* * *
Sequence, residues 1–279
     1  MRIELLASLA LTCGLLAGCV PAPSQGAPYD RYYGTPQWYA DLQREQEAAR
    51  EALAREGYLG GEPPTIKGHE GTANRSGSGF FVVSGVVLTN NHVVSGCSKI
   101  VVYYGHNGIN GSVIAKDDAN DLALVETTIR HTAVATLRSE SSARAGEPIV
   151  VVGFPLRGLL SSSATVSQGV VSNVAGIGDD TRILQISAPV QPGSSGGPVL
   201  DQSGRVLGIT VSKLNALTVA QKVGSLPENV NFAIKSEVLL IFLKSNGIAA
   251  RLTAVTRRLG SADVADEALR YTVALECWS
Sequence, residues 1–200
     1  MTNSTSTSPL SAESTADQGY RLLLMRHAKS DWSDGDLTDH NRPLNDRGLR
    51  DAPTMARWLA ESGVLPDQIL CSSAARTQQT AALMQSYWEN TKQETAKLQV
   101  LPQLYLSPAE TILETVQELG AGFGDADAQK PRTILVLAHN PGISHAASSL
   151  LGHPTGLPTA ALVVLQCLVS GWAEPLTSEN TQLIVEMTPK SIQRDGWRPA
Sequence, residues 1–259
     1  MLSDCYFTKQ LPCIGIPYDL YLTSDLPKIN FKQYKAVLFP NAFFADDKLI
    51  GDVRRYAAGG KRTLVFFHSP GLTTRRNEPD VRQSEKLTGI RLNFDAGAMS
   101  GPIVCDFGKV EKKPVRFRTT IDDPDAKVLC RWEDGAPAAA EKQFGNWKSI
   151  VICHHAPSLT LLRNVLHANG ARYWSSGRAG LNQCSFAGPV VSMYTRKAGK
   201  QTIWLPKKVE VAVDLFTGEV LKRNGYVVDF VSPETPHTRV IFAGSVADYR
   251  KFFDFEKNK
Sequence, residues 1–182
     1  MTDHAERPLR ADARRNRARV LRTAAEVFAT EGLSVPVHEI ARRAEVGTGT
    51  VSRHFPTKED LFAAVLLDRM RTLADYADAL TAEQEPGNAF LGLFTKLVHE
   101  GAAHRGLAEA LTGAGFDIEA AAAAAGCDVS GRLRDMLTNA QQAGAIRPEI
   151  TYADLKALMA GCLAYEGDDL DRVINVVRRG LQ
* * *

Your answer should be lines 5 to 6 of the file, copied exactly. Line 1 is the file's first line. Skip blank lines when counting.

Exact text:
   151  VVGFPLRGLL SSSATVSQGV VSNVAGIGDD TRILQISAPV QPGSSGGPVL
   201  DQSGRVLGIT VSKLNALTVA QKVGSLPENV NFAIKSEVLL IFLKSNGIAA